A Discrepancy in Rural Nebraska’s Supplemental Nutrition Assistance Program

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The Supplemental Nutrition Assistance Program, or SNAP, provides food assistance to 1 in 7 Americans, and 1 in 11 Nebraskans. This white paper by Jordan Rasmussen, policy program associate, examines “A Discrepancy in Rural Nebraska’s Supplemental Nutrition Assistance Program (SNAP).”

In rural Nebraska, where food is grown to meet the needs of the nation and the world, food security is a challenge for some residents. SNAP, formerly referred to as the nation’s food stamp program, exists to alleviate the prevalence of food insecurity. Yet, in rural areas of the state, participation in SNAP remains low, despite socio-economic shifts that have increased need.

Nationally, SNAP participation in rural areas is 16 percent, exceeding the urban and rural national average.  However, in Nebraska, participation in rural areas is 7.6 percent.

As policymakers deliberate the funding and future of SNAP, federally – in the 2018 farm bill and in tax reform and debate – as well as at the state level, consideration must be given to the use and underutilization of the program. SNAP is a critical safeguard against food insecurity and poverty for millions of rural and urban residents alike.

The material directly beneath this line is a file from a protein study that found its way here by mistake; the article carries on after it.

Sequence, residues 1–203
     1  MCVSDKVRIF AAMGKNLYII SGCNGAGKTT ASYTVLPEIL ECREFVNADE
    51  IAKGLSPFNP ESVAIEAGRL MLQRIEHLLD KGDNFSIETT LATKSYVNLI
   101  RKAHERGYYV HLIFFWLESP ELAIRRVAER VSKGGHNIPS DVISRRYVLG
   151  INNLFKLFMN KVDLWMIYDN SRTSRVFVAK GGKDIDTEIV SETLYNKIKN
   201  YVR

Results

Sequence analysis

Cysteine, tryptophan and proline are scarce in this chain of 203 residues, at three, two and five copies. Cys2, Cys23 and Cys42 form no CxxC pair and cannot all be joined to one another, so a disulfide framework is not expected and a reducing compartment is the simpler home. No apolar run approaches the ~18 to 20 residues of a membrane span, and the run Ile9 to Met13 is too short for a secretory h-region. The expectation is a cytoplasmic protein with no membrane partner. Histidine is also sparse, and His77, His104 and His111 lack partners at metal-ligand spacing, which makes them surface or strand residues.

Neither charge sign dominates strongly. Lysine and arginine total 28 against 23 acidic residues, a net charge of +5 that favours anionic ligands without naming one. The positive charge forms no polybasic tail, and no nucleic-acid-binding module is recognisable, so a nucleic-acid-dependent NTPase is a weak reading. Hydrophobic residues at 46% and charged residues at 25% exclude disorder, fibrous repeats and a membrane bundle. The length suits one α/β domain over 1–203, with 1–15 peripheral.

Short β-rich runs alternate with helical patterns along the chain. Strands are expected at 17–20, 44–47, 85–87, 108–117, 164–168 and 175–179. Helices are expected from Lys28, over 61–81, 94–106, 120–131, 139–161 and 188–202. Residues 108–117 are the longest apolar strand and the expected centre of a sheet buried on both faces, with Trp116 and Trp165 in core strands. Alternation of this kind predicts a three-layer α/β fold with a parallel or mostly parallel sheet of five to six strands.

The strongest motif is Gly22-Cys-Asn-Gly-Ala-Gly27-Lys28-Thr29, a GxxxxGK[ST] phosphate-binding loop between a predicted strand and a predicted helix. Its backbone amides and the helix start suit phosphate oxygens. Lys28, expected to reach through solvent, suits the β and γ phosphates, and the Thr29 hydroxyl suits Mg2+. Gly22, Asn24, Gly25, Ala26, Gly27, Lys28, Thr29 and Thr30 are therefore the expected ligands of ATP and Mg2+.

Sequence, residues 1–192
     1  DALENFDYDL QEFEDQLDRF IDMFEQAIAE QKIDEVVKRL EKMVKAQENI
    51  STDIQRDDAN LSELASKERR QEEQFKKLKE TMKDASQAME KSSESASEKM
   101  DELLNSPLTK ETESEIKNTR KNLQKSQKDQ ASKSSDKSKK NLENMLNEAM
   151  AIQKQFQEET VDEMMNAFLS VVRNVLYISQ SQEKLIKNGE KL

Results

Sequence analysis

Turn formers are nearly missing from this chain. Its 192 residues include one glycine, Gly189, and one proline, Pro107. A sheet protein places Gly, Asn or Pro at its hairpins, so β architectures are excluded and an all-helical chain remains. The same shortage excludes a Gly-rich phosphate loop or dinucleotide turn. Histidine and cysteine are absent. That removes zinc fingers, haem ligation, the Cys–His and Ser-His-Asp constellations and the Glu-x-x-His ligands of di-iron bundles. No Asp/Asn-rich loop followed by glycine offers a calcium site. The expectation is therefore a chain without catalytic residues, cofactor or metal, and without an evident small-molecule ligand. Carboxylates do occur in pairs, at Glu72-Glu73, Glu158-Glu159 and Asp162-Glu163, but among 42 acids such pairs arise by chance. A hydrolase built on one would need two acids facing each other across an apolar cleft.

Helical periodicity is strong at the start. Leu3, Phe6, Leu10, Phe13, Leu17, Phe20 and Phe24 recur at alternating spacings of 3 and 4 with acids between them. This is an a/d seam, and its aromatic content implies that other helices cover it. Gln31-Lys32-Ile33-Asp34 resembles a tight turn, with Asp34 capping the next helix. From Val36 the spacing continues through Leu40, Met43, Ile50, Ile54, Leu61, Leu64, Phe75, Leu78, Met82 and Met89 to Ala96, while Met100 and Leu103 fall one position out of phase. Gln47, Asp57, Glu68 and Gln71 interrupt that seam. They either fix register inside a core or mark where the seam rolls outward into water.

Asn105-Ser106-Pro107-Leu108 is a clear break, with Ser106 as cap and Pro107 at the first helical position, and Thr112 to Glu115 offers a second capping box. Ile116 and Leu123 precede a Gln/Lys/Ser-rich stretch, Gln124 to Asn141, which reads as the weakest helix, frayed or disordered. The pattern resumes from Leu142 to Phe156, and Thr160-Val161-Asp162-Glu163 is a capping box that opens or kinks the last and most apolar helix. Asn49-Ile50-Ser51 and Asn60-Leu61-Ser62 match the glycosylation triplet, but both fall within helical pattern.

In “A Discrepancy in Rural Nebraska’s Supplemental Nutrition Assistance Program (SNAP)," we also look at participation in households with children and seniors. In Nebraska, 74 percent of SNAP participants are in families with children; and 1.9 percent of households are home to a SNAP recipient over the age of 60.

In rural Nebraska, SNAP assistance received by senior households is misaligned with the percentage of poverty for the area. This discrepancy demonstrates the need for SNAP exists in rural communities, and further efforts should be made to help close this gap on monetary food insecurity assistance in rural areas.

Efforts should be made by Nebraska agencies and organizations to improve participation rates in rural areas through expanded outreach and education.

This is particularly important for the state’s rural children and the growing number of seniors living in rural locations as they age. The challenge of food security is not bound by a rural or urban delineation; access and utilization of SNAP to address the challenge of food security should not be either.